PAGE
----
Danish windmills

The energy transition is taking place most rapidly not in the nations that were dominant in the old oil-coal-gas energy regime, such as the United States, but rather in nations which do not possess many fossil fuel resources but do have lots of sun, wind, or thermal heat.  Chile, for example, has all three of these, and will soon be supplying most of its energy needs from windmills along its long coastline and solar installations in the large desert region in the north. When I visited Chile last year to attend a conference on energy transitions, I heard many people talk about the vast exports of energy that were possible, too, once high tension lines reached into other South American countries.  Iceland is a leader in thermal heating and thermal electricity, and sunny Portugal is also rapidly becoming a player in alternative energy. 

Old fossil fuel economies are not as quick to change, and they are behaving in quite different ways. Germany has invested heavily in solar and wind power, creating thousands of jobs, and its official policy is to close nuclear plants and get rid of fossil fuels as soon as possible. Britain seems unable to give up nuclear power as a fantasy solution, but meanwhile is muddling through and headed toward more alternative energies, though not with the same pace and determination as Germany. France has long invested heavily in atomic reactors, and of all the nations in the world, has the greatest dependence on them. 

The United States is divided, on this as on everything else these days. Some states, notably California, Massachusetts, and New York, are acting like Europeans, becoming more energy efficient, while investing in alternative power. In contrast, the Deep South until quite recently has invested almost nothing in alternative energies, and uses about twice as much energy per capita as the three states just mentioned. The Federal government is rather schizophrenic, with programs from the Obama years designed to increase energy efficiency and move toward wind and solar power, but run by Trump appointees who are undercutting the programs. Meanwhile, Trump is a strong supporter of the fossil fuel industries, particularly coal. One hopes he will be the last such president, for the long term health of the American economy depends on making the transition quickly, rather than lagging behind. Interestingly, some "red"states in the western US that usually vote Republican are nevertheless rapidly adopting wind mills, because their region happens to have steady, strong wind. This is in contrast to the American South, while has good sun but little wind except for that blasts of hot air coming from its politicians.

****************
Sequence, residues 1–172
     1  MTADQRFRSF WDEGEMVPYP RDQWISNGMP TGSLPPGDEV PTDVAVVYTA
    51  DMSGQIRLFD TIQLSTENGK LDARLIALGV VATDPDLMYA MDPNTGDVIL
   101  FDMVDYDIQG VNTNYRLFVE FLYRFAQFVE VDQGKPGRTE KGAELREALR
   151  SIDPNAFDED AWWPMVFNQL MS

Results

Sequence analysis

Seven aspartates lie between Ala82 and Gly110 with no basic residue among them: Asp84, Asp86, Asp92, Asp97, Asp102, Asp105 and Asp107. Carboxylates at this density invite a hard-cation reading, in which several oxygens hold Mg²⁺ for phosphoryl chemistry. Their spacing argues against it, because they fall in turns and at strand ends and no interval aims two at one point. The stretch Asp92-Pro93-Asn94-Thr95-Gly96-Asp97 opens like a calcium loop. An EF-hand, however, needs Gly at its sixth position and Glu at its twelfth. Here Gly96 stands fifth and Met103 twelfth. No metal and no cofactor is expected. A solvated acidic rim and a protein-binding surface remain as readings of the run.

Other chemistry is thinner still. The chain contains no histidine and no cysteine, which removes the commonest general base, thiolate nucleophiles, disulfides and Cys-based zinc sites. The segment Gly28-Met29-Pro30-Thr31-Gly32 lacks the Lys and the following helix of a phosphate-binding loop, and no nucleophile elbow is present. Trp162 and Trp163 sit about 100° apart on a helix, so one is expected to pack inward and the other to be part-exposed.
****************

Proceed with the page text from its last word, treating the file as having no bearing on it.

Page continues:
China is investing heavily in alternative power systems, and more recently India has begun to cancel plans to build new fossil fuel electrical plants, choosing alternative energies instead. The change is driven by falling costs at least as much as by environmental idealism.

How long will this take? Based on previous energy transitions, which I have studied, the shift in energy regimes takes at least 30 years, normally. But in the past the changes were driven by prices and the comparative versatility and convenience of different sources of power. For example, in factories steam power was not as flexible as electrical power. On the other hand, in 1910 gasoline engines were more convenient on the whole that electric motors to power automobiles, because batteries were not good enough. That problem seems to be all but solved, now, but it took more than a century.  How long will the transition as a whole take? Perhaps only a decade or two more in countries that are really trying to make the change, like Portugal and Chile. Sadly, the US, once a leader in the transition to fossil fuels and again a leader in electrification, is falling behind. The Republican Party is largely responsible, but the Democrats also share some of the blame. US energy policy has been a battlefield for decades.